Thursday, November 01, 2007

Candles Can Be Dangerous

Although candles can add warmth, atmosphere, and pleasing scents to a home, and especially with the holiday season just around the corner, candles in the form of votives and tapers are extremely popular. However, many people are unaware that candles can also contribute to indoor air pollution by releasing particulate matter in the form of soot into the air. Both scented and unscented candles emit a variety of byproducts upon burning and particle matter.

Apparently, studies have also shown that petroleum-based (paraffin) candles and scented candles are the worst offenders. Paraffin is a derivative of petroleum, and when burned, they release toxins such as formaldehyde, acetaldehyde, and soot into the air. These paraffin and scented candles can also trigger allergic and asthma-like reactions such as sore throat, itchy and watery eyes, headaches, and skin irritation.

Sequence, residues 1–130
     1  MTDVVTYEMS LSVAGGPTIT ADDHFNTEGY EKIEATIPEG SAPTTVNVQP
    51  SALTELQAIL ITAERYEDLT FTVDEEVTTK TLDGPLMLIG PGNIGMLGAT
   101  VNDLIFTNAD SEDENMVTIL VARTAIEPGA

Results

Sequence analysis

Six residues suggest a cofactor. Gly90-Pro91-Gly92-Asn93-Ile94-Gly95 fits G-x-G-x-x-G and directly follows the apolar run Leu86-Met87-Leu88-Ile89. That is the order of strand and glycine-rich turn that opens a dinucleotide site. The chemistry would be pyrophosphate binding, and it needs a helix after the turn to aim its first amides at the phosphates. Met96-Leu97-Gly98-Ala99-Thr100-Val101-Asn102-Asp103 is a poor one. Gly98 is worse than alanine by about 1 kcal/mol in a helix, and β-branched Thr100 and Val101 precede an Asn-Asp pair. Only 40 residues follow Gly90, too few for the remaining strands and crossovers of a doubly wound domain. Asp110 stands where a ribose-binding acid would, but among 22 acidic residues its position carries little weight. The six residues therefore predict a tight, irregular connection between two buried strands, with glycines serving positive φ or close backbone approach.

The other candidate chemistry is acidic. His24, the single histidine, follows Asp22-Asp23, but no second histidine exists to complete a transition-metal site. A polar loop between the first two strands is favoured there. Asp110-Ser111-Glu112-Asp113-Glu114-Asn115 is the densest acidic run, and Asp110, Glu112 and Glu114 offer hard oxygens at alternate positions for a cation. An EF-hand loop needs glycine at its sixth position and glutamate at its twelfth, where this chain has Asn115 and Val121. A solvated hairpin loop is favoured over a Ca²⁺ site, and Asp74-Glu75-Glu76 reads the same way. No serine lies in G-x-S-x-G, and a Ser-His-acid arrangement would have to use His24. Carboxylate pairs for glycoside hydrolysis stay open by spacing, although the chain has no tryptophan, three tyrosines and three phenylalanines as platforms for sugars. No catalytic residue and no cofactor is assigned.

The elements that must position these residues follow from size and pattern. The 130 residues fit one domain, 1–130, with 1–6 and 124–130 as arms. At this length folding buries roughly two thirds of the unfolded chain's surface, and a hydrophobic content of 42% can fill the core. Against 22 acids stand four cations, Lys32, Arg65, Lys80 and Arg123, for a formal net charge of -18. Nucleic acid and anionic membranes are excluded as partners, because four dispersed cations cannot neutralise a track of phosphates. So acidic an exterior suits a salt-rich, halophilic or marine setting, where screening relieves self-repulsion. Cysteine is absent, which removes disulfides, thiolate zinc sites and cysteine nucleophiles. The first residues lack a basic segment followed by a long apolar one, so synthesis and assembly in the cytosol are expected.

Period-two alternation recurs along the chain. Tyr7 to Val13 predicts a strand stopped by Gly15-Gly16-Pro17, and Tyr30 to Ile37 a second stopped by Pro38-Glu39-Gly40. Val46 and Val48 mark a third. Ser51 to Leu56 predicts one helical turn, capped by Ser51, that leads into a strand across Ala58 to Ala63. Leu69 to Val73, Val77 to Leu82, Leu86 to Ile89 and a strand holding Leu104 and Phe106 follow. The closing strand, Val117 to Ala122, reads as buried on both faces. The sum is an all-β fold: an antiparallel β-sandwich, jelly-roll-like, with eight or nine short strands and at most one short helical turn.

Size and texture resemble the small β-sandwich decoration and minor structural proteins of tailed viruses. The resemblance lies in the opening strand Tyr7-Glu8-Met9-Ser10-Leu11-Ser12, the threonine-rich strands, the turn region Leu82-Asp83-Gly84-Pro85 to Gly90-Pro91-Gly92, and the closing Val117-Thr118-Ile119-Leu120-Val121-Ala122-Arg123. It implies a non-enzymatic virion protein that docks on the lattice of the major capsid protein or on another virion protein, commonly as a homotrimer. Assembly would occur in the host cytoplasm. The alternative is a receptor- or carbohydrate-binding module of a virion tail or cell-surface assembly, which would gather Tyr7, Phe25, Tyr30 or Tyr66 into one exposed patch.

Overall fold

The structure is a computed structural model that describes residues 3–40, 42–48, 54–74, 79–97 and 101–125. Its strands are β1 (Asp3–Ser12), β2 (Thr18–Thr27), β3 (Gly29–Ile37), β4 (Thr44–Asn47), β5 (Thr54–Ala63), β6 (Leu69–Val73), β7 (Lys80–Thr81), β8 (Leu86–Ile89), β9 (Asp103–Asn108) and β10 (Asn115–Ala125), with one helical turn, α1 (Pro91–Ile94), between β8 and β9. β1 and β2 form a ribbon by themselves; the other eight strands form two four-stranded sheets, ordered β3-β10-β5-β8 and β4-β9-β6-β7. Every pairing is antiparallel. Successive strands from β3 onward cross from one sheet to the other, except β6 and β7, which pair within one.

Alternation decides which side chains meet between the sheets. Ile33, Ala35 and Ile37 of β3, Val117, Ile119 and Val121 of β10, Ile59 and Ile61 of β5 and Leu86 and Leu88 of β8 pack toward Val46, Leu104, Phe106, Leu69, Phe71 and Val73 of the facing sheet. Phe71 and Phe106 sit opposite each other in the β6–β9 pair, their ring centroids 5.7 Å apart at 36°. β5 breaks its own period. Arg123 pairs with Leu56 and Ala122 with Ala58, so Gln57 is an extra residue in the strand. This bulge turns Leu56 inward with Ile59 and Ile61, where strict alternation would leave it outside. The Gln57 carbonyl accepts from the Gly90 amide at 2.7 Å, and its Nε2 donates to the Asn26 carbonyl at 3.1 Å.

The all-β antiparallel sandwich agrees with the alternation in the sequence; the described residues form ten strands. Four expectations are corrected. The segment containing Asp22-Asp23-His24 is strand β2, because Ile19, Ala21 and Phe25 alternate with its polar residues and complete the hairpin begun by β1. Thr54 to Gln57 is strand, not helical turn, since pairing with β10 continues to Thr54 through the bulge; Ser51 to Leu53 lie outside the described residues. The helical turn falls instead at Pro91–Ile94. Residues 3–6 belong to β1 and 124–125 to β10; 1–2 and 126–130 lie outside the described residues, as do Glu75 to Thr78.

In addition to harmful particulate matter, candles may often be sources of lead. Although candles made in the United States are prohibited from using lead wicks, imported candles may still use lead wicks. When lead is heated, it produces fine particles of lead oxide which is easily inhaled and deposited into lung tissue. This can cause a variety of health problems such as cardiovascular and nervous system symptoms. The use of candles can also contribute to unsightly discoloration of walls, ceilings, and the contents of a home, as well as contaminating the ventilation system’s ductwork.

For safe candle use, try alternatives to paraffin-based candles such as those that are unscented and made from soy or beeswax. Watch for any shiny metal wires inside the wicks of candles, and keep wicks trimmed to one-quarter inch for complete combustion. If you insist on a fragrance, put a few drops of scented oil into a diffuser or in some boiling water. Also, avoid using candles in jars which deprive the wick of oxygen and create more soot. Refrain from using candles in jars when the wick is below the level of the top of the jar or when the candle leaves a soot ring on the jar’s lip, as this soot may be an indication of lead dust from a metal wick.


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